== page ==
Carmen, The Magic Flute, La Traviata, Swan Lake, The Nutcracker, and La Bayadère. These are enchanting shows that fire the imagination and thrill the soul. Welcome to Paris’s operas!
Two Distinct Locations
The battle rages between fans of the Palais Garnier and enthusiasts of the Opéra Bastille. The Palais Garnier is a historical monument, a vestige of the Napoleonic era, and an architectural masterpiece that you visit along with the Louvre. This magnificent building, with its passageways, large foyers, balconies, and loggia, is a truly magical place, where every step takes you into another world. Once you’ve found your seat, look up and admire the (contentious) ceiling painted by Chagall: a work of art within a work of art. The Opéra Bastille, meanwhile, is a massive building, measuring 155,000 square meters, whose large auditorium can hold around 2,700 people. It was designed by Carlos Ott, a Uruguayan architect, who created a modern, plain, and elegant theater built entirely in transparent glass. The building is a creamy white color with black and wooden details, and it opened on in July 1989 to mark the bicentennial of the storming of the Bastille.
Two Distinct Atmospheres
As you enter the Palais Garnier, you fall instantly under its spell. Everyone is dressed to the nines, and women laugh uproariously in the main foyer while men stride around the balconies with their cigars in hand. You don’t have to wait long to see two lovers embrace. Regardless of the time of year, the atmosphere is very festive. At the Bastille, however, things are much calmer. Only the bell announcing the start of the performance interrupts the silence. You feel as if you’re in a church or a museum. Such is the respect shown for the art and the performance. The spectators move around quietly, as not to disturb the sanctity of the arena. At the intermission, however, the atmospheres are much more similar. Young girls twirl around, dreaming of becoming ballet protégés, as the members of the audience discuss their impressions of the first half of the show, waiting eagerly for the second half to begin.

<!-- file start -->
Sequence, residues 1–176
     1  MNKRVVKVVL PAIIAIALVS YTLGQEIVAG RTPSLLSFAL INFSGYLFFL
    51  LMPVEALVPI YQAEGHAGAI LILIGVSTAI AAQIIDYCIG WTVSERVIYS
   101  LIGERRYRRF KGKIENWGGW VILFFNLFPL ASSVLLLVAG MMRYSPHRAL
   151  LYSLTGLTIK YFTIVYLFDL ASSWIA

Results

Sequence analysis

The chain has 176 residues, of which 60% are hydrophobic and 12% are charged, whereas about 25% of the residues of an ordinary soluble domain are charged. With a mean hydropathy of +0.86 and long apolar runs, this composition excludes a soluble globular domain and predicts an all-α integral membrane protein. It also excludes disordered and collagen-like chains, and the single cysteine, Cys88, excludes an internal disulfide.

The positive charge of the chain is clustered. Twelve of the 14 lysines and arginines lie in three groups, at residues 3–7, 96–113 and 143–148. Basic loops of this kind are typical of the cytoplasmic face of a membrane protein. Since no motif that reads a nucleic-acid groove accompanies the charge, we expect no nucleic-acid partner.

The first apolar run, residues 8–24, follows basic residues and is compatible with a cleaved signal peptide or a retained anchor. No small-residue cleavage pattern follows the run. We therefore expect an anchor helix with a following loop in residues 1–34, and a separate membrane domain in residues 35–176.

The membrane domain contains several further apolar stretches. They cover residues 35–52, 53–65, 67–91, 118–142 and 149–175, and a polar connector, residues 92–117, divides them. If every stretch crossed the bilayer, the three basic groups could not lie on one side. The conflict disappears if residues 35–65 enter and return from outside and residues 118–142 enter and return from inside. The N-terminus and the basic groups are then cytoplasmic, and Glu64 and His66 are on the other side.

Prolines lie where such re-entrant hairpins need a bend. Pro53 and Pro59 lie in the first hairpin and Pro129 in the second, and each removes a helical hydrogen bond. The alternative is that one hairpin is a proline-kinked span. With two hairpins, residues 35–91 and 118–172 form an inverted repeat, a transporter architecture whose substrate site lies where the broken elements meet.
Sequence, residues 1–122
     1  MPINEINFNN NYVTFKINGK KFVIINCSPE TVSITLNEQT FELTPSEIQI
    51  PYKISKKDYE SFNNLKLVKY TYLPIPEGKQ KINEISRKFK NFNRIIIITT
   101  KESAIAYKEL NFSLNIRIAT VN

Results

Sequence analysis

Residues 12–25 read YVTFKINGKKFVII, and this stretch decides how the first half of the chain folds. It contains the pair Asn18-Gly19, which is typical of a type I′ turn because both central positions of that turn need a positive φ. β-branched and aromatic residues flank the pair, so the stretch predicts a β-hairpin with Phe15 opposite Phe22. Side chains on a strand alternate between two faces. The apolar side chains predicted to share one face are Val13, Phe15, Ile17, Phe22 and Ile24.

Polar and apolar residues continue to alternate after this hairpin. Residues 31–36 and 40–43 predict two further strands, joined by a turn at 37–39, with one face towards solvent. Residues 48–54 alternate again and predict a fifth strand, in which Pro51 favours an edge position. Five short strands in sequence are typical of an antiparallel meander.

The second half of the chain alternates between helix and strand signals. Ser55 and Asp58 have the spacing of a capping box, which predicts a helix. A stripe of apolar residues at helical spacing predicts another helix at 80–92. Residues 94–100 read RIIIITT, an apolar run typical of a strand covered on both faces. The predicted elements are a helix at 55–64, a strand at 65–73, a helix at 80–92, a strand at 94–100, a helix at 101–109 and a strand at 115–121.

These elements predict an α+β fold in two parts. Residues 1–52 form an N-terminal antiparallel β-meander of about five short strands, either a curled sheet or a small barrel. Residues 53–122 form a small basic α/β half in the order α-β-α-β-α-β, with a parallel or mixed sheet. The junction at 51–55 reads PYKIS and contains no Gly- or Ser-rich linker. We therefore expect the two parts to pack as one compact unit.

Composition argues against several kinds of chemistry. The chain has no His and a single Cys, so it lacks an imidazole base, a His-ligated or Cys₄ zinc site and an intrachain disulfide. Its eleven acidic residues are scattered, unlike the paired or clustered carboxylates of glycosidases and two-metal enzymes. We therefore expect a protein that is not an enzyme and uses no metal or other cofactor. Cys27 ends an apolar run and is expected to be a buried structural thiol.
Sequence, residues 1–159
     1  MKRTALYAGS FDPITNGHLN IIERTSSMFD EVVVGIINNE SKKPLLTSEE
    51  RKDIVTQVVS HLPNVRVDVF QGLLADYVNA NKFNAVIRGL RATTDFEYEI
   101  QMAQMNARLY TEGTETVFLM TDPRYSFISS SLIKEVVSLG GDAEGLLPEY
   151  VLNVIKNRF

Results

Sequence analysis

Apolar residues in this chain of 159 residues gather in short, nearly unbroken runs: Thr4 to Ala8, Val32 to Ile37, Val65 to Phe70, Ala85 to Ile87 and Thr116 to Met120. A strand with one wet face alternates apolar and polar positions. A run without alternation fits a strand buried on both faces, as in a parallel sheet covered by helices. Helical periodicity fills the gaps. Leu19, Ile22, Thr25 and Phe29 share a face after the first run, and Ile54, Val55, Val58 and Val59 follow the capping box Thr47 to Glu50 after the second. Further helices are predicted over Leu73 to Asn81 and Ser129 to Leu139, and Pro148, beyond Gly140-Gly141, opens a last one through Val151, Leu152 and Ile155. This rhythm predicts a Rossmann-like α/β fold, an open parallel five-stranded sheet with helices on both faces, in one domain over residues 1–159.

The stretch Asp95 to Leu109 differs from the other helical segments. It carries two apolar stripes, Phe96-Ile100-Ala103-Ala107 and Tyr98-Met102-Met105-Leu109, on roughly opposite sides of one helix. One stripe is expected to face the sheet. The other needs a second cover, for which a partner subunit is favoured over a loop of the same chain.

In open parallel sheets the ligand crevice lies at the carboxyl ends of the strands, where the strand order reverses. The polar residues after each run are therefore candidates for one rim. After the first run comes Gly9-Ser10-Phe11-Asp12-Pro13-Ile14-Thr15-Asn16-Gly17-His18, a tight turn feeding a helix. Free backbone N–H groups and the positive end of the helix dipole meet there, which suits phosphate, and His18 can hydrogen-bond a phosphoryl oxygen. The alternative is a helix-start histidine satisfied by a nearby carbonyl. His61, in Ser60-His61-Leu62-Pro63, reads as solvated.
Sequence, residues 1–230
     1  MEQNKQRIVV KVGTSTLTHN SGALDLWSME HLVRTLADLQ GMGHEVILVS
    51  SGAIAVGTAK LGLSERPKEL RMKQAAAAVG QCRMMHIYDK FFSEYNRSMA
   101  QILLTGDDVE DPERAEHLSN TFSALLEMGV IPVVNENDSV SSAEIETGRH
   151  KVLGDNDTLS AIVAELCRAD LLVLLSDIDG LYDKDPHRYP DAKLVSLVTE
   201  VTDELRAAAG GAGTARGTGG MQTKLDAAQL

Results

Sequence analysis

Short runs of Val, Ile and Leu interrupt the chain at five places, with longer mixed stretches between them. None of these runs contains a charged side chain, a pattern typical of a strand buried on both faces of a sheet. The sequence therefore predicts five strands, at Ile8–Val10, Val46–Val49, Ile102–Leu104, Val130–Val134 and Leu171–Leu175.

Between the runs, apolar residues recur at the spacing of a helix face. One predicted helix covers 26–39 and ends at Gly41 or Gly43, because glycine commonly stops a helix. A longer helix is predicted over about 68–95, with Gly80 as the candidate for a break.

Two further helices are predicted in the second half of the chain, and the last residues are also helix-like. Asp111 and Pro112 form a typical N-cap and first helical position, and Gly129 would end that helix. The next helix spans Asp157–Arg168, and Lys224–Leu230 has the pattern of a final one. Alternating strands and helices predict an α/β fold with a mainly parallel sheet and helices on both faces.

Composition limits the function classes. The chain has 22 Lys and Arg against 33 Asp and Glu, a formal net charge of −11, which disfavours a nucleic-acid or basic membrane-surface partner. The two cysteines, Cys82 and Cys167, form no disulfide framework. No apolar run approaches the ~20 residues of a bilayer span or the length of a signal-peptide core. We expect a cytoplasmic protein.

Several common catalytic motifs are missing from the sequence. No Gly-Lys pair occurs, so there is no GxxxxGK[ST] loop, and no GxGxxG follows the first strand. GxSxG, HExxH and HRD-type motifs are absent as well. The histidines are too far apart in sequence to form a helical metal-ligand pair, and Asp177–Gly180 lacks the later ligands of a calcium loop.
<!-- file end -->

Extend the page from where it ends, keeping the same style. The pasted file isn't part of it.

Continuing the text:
The acoustics of the Bastille’s auditorium have been very carefully designed. Wherever you are seated, you will hear all the music and singing perfectly, which explains why most of the operas are staged here. As you browse through the two programs, you will see that classic operas such as Puccini’s La Bohème and Mozart’s Don Giovanni share the bill with less well-known works like Gluck’s Alceste or Chausson’s Le Roi Arthus. The aim is to achieve a good balance between affordable, popular operas and more specialist works. As for the ballet, the arrival of Benjamin Millepied as Director of Dance at the Opéra National de Paris has given a new lease of life to this hive of activity. Here again, the balance between classical and modern ballet is notable in both venues. Although Nureyev and his dancers in tutus are still the benchmark in choreography, more and more modern ballets are being programmed.
All you have to do now is decide. Will it be opera or ballet? Will it be the Palais Garnier or Opéra Bastille? Whichever you choose, you will not be disappointed.